MAKHACHKALA, Russia — Dozens of residents in Russia’s North Caucasus region of Daghestan have been hospitalized with signs of poisoning in the fourth such case since early January, raising questions about water quality in the region.
Daghestan’s Health Ministry said on March 10 that 41 people from different parts of the region, including 32 children, were hospitalized in Daghestan’s capital, Makhachkala, with symptoms consistent with poisoning, though it gave no further details.
Three similar mass poisoning cases this year were related to what was officially called “the low quality of tap water.”
Last month, at least 89 residents of the village of Arani in central Daghestan were diagnosed with water poisoning.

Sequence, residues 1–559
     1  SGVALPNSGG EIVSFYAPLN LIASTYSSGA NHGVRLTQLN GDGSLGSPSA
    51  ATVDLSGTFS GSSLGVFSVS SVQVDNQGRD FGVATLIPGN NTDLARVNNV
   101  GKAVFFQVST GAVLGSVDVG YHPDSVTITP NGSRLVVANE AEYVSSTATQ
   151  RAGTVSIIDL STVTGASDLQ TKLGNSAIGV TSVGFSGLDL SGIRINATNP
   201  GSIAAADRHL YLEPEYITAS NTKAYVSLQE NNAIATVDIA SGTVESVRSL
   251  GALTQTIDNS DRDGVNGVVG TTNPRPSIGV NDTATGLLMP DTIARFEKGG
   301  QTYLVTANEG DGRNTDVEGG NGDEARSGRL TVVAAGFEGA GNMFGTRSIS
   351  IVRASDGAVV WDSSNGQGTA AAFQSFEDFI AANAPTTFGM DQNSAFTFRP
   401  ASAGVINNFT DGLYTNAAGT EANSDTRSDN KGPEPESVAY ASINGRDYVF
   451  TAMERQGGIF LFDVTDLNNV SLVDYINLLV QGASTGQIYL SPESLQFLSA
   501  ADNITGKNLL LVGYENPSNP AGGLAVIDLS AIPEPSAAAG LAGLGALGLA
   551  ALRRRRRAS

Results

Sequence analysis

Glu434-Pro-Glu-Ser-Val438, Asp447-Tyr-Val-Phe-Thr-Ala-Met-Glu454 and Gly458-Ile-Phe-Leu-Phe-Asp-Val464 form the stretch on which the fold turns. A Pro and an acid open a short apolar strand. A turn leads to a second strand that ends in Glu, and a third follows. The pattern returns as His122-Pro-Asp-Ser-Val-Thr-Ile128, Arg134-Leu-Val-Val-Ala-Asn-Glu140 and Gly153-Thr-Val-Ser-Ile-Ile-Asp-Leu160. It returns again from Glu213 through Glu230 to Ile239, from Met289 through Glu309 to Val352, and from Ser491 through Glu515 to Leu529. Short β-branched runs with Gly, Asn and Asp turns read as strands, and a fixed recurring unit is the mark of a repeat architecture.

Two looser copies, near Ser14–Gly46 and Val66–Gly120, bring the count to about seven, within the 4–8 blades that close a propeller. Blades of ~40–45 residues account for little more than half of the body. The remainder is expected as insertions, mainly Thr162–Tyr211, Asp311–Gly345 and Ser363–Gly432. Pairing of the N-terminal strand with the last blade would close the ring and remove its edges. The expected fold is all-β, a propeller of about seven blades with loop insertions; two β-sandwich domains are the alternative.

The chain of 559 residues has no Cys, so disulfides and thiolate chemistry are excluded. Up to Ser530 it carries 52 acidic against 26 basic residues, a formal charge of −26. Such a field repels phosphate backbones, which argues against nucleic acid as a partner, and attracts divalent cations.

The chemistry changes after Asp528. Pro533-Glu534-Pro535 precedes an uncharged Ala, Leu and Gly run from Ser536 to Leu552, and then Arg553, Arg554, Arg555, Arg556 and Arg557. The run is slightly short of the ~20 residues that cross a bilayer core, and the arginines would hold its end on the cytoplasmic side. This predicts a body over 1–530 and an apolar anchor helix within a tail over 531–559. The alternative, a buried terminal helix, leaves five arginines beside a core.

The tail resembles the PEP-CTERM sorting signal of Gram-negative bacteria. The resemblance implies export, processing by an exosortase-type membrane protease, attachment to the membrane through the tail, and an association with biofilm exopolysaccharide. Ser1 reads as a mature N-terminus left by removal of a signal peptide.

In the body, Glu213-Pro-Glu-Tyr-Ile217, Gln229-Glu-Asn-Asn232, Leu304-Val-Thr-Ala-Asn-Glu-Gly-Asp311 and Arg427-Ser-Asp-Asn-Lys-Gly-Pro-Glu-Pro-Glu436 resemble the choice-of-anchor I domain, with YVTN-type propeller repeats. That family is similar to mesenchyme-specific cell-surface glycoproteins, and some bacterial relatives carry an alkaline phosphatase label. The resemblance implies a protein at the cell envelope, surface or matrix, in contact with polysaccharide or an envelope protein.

In two similar cases in January, hundreds of people, including 200 children, were also diagnosed with poisoning from tap water and were treated at hospitals in the regional city of Buinaksk.
The chief of the Patient’s Monitor social project, Zyautdin Uvaisov, told RFE/RL that the first unconfirmed reports of the mass poisoning brought “many years of the lack of quality control over drinking water” into focus.
“If the tap water’s quality was evaluated in a timely manner and all necessary measures were enforced right after that, the situation would not be that critical,” Uvaisov said, adding that many water pipes in Daghestan were built 50 years ago or more and are in need of repair or replacement.
The acting head of Daghestan, Sergei Melikov, said last month at a session of the Russian parliament’s upper chamber, the Federation Council, that the quality of life in Daghestan is “worrisome,” stressing that water from irrigation systems is often used for drinking due to the lack of delivery systems for potable water.